“We are united with the same end in common — the independence of our motherland,” Elma Beatriz Rosado told several thousand people who gathered on Sept. 23 in the Plaza of the Revolution in Lares, Puerto Rico, to commemorate the 139th anniversary of the island’s rebellion against Spanish rule. The annual observance, known as El Grito de Lares, drew people from across the island.
The various forces that favor an independent Puerto Rico celebrated the event in unity despite the ideological and tactical differences that have kept them apart in the past. They had heeded the words of Rosado’s late husband, Filiberto Ojeda, who had called for the unity of Puerto Rico’s patriotic forces to move the national liberation struggle forward. Ojeda, an underground pro-independence leader, was killed by FBI agents in a house raid on Sept. 23, 2005.
Hector Pesquera, a leader of the Hostos National Independence Movement, welcomed the united action, noting that pressure from rank-and-file Puerto Ricans also contributed to its success. Pesquera said the unity of those who favor independence should be extended to include all Puerto Ricans who identify with the country’s nationhood.
Senator María de Lourdes Santiago spoke for the Puerto Rican Independence Party (PIP) at the event. She said Puerto Rico is closer to gaining its freedom. She noted that a U.S. presidential task force that was formed to deal with the question of Puerto Rico has admitted that this Caribbean nation is a colony and that its status must change.
Santiago also pointed out that in recent congressional hearings on the status of Puerto Rico, Ruben Berríos, chairman of the PIP, told the U.S. lawmakers, “You are not going to give us statehood.” Representatives of the pro-statehood and autonomist political parties agreed with that assessment.
Under the U.S. Constitution, only Congress can admit Puerto Rico as a state. No Congress, whether controlled by Democrats or Republicans, has shown any inclination to do so.
Santiago said that the U.S. does not want Puerto Rico because the U.S. federal system “is incompatible with the annexation of a Latin American and Caribbean nation.” However, she said, “the real wall against statehood is the existence of a strong, organized independence movement which answers to no one and has not let itself be seduced by confusion.”
Pro-statehood forces in Puerto Rico have recently suffered some setbacks.
For example, although pro-statehood forces have been courting the Republican Party, and Luis Fortuño, the island’s non-voting delegate to the Congress who meets with the GOP caucus, introduced the “Puerto Rico Democracy” bill aimed at making Puerto Rico a state, an editorial in the conservative, pro-GOP Washington Times last week came out squarely against statehood.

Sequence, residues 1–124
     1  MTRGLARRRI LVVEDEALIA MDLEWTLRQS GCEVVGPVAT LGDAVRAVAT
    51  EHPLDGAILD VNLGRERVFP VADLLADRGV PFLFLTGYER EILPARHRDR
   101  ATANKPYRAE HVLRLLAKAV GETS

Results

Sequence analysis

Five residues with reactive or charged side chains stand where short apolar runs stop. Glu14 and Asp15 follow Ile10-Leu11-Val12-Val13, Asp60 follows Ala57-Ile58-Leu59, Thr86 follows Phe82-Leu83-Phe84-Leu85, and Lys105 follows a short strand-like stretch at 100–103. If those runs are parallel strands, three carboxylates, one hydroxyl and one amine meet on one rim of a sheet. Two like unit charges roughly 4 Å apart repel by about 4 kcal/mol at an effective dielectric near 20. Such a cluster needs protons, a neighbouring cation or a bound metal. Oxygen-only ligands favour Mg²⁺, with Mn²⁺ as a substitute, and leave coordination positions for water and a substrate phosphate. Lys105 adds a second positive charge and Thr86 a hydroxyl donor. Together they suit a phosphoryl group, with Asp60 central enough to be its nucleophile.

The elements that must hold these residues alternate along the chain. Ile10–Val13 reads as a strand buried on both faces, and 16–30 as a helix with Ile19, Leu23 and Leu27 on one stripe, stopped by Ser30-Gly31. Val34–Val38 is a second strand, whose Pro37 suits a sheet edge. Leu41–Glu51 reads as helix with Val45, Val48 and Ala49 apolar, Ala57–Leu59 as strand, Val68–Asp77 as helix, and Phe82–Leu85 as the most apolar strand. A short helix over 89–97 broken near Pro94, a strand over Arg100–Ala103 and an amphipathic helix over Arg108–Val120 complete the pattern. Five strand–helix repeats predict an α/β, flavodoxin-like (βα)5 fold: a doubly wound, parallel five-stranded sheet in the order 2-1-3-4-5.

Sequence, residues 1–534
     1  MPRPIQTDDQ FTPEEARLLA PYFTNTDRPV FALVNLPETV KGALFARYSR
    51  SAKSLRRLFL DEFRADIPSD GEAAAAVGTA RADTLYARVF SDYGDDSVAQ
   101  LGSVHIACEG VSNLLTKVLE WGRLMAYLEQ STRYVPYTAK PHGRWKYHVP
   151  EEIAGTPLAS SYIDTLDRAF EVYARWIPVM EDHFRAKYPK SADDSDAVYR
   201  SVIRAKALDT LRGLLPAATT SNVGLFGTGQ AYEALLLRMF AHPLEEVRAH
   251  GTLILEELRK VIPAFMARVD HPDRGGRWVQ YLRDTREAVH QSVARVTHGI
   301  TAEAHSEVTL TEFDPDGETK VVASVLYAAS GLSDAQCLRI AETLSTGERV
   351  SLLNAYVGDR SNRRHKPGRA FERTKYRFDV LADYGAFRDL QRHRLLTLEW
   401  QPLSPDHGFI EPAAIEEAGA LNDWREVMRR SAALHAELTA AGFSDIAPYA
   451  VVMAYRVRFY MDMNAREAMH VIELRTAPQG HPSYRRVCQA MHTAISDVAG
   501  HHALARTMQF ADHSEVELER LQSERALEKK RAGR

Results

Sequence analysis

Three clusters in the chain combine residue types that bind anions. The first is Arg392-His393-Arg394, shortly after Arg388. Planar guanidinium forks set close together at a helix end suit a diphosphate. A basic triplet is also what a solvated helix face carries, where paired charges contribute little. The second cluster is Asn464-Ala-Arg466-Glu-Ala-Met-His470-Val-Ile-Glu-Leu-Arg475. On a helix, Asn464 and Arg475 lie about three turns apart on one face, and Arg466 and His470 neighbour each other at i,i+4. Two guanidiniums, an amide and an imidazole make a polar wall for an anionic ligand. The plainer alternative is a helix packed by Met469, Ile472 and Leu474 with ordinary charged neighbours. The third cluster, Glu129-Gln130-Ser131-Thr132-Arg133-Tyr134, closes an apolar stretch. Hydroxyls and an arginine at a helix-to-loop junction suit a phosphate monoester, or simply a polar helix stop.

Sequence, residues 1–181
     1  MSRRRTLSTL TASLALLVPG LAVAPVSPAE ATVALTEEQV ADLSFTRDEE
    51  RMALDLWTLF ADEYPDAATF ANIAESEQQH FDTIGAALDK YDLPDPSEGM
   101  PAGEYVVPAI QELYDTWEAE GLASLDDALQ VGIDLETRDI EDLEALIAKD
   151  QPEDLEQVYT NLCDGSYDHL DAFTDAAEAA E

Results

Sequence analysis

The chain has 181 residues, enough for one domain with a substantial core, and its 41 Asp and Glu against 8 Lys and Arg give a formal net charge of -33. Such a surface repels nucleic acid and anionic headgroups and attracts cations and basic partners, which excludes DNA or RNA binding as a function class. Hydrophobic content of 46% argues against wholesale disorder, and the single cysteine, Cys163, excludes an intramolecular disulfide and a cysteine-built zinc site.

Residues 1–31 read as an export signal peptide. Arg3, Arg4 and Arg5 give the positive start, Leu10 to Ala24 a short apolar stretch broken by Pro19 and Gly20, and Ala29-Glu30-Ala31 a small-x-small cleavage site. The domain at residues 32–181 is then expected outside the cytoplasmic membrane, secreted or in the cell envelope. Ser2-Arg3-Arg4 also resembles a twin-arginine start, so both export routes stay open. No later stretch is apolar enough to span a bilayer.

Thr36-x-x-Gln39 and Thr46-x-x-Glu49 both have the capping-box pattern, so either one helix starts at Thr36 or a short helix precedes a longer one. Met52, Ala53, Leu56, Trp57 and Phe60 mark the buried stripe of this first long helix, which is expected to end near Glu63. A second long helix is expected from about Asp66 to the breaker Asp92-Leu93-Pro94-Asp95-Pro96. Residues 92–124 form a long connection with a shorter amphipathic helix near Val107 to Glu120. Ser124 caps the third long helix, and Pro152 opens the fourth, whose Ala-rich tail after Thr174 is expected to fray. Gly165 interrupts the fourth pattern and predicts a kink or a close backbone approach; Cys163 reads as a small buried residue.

Moreover, polls in the U.S., including recent ones, have never shown majority support for Puerto Rican statehood.
On the international front, last year leaders from Latin American political parties — five of them leading their governments — met in Panama to declare their support for a sovereign Puerto Rico. This year the UN Decolonization Committee agreed, once again, to send the colonial case of Puerto Rico to the General Assembly.
Because of factors such as these, Santiago said, the agenda for Puerto Rican national liberation is in a position to advance.
Santiago also criticized recent efforts to destroy the PIP, including an attempt to have it decertified as an electoral party by the Puerto Ricans for Puerto Rico Party (PPR), an ecological “green” party.
The PPR’s legal attack on the PIP has failed in every Puerto Rican court, but the PPR has now filed suit in the U.S. federal courts, knowing that the PIP does not recognize the authority of the federal courts in Puerto Rico and won’t appear before it or give up any documents. Under these circumstances, the PIP stands to lose by default.
If the PIP were to be decertified, the PPR would get office space, money for staff and other benefits under Puerto Rico’s electoral system.
Santiago defiantly vowed to defend her party’s legality and standing in Puerto Rican politics, saying, “They know where our National Committee is — let them come and arrest us.”
The other organizations that took part in the Sept. 23 event, which was also dedicated to Puerto Rican political prisoners and the Cuban Five, were the Nationalist Party, Caribbean and Latin American Coordinating Committee of Puerto Rico, and the Socialist Front, a coalition of pro-socialist forces that includes Communist Refoundation.